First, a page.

South Korea: A Mongolian’s view

Today, Korea is the most visited country by Mongolians and statistics show that Mongolians are most likely to choose Korea as a place to work. In 2008, 33000 Mongolians were living in Korea making up 0.2 percent of the Korean population.
One of the most interesting things about Korea is its flexibility. Economically, Korea is already fully developed, which is intriguing when one remembers the number tragedies that have befallen Korea throughout its rich history. Today Korea is a vibrant and prosperous place, modern and fast moving but is also fiercely traditional and historically aware.
Korea has a culture-history that can be found not only in the landscape that has shaped the people of Korea, but also in the legacies of people from other countries, in particular China and Japan.
Korea has four distinct seasons. Summer can be a bit hot, and very rainy too. But when the sun shines, it is just like one of the Mongolian sunny hot days. One thing that is different from Mongolia is the air. Foggy, moist and less polluted. They found a smart solution in decreasing air pollution by creating a green environment.
Korean people are among the friendliest people in Asia. I have yet to go there and not make a new friend. You will hear people say that it is hard to do so. Really it is all a matter of attitude and making the effort to get to know people's customs, language and culture.

Most Koreans think that Mongolians cause trouble around the country while they are working in Korea illegally. But when you are being polite and respectful and you will get along just fine.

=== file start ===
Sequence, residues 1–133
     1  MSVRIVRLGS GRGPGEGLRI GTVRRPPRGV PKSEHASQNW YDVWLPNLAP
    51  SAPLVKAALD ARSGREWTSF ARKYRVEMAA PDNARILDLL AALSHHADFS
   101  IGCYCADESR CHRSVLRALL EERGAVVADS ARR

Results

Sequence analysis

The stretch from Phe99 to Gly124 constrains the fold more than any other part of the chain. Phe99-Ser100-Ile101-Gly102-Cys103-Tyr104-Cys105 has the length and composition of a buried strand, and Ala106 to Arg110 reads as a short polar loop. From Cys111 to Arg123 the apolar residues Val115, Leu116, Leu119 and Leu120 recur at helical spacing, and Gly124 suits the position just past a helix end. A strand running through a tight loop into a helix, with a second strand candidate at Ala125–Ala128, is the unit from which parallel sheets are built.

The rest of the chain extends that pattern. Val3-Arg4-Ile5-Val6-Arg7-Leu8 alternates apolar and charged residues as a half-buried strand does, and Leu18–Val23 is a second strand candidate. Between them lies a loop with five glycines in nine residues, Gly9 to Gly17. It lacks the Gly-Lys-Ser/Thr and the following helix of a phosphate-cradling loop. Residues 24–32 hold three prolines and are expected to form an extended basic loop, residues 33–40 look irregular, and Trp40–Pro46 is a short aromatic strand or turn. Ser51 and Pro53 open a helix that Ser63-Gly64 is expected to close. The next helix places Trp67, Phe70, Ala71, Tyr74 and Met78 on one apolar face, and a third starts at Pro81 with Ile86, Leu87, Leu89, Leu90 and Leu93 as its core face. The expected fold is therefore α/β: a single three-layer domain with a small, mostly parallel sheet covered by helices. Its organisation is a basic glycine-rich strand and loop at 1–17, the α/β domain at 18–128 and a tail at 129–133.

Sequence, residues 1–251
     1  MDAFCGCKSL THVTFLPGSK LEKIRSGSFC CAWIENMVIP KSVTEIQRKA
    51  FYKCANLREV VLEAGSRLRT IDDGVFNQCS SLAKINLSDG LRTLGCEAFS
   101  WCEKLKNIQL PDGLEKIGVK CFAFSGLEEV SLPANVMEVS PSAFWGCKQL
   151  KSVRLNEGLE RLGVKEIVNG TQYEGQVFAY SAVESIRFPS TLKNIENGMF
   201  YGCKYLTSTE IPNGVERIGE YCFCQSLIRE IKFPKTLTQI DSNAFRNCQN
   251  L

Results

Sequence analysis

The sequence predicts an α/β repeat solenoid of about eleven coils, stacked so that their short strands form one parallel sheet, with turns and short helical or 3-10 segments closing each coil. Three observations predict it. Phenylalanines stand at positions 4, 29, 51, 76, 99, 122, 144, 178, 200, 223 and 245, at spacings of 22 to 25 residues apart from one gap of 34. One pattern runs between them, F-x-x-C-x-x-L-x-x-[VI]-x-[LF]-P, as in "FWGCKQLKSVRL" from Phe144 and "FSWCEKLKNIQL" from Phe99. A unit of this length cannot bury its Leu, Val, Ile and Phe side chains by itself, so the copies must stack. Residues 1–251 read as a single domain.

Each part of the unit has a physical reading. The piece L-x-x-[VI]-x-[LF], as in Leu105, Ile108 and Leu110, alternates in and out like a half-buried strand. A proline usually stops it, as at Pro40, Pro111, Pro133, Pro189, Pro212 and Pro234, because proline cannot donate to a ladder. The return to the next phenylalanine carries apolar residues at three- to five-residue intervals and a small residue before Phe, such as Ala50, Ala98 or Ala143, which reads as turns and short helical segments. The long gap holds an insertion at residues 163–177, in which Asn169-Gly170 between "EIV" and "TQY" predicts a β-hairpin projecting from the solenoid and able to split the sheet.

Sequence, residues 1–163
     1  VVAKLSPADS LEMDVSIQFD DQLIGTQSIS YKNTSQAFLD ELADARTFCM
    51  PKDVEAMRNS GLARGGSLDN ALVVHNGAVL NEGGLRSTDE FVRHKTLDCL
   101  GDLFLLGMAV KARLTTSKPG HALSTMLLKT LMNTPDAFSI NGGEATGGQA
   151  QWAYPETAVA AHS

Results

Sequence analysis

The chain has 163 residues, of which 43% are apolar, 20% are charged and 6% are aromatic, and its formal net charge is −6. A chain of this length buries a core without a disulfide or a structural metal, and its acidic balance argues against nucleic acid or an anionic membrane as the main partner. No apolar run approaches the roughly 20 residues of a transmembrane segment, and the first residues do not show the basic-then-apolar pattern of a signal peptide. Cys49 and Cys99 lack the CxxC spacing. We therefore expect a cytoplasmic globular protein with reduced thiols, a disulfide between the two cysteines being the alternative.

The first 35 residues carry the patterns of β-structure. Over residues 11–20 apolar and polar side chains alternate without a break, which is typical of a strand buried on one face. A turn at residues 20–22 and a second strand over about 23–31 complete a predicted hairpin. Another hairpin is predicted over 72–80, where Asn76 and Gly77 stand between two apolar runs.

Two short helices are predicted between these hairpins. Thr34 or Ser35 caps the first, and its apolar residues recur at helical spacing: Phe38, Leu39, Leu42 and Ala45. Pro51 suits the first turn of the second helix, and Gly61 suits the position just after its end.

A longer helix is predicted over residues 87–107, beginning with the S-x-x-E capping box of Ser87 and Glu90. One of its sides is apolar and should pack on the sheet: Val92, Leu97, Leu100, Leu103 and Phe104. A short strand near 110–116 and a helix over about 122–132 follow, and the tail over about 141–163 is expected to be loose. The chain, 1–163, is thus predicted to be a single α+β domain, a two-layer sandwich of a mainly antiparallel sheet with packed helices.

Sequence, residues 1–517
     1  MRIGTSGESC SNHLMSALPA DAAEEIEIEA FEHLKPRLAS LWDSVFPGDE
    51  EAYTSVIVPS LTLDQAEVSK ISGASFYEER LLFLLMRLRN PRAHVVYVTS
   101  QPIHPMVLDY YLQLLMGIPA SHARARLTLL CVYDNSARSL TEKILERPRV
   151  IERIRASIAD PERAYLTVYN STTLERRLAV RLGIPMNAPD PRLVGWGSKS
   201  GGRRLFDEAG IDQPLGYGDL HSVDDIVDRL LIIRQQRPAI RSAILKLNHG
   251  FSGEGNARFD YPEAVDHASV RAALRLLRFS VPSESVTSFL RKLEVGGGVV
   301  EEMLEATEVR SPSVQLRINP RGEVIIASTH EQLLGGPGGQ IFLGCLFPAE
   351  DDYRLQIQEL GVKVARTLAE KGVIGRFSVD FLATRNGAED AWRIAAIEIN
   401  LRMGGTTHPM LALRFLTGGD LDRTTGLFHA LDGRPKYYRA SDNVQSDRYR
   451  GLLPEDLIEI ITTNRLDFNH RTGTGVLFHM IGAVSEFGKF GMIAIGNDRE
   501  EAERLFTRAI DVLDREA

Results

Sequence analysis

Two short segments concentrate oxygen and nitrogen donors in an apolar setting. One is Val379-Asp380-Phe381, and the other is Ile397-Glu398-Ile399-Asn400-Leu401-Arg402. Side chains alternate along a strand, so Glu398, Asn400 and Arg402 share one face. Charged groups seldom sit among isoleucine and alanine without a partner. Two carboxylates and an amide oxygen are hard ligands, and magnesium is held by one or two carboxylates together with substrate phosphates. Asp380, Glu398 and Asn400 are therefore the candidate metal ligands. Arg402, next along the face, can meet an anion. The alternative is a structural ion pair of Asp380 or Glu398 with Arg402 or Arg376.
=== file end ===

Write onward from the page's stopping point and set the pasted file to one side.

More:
One thing that impressed me about Korea is the cuisine. Rice is the staple food of the Korean diet.
Having been an almost exclusively agricultural country until recently, the essential recipes in Korea are shaped by this.
The main crops in Korea are rice, barley, and beans, but many supplementary crops are used. Fish and other seafood are also important because Korea is a peninsula.
Fermented recipes were developed in early times. These include pickled fish and pickled vegetables. This kind of food provides essential proteins and vitamins during the winter. Kimchi is one of the famous foods from Korea. Kimchi is pickled vegtables which contains vitamins A and C, thiamine, riboflavin, iron, calcium, carotene, etc. There are many types of kimchi including cabbage kimchi, string onion kimchi, cucumber kimchi, radish kimchi, and sesame kimchi.
Mongolian teenagers really like the fashion and music that comes from Mongolia. The K-Pop sensation is sweeping Asia not only in Mongolia.
Korean teenagers have their own unique fashion styles. When I was shopping in the shops in Dongdaemun I felt like I was in a fashion show.
The stores at Dongdaemun have a large range of product diversity. You can find everything fashionable you need here, clothing, accessories, bags, shoes, textiles, and fabrics.
The stores often use K-pop stars to advertise for them by performing on stages set up outside their shops.
I met a lot of Mongolians who were working and shopping in this are. I met a girl who studies at a university in Korea. She really likes living in Korea, and she said after her graduation, she wants to live in Korea, not to go back to Mongolia, the quality of life she said, is better than in Mongolia.
It is these types of things that draw Mongolians to Korea and helps to explain why so many Mongolians live there. Life in Korea can be quite good for Mongolians and sometimes easier than staying at home. Jobs may draw Mongolians to Korea, but it is the quality of life that keeps them there.

Source: UB Post


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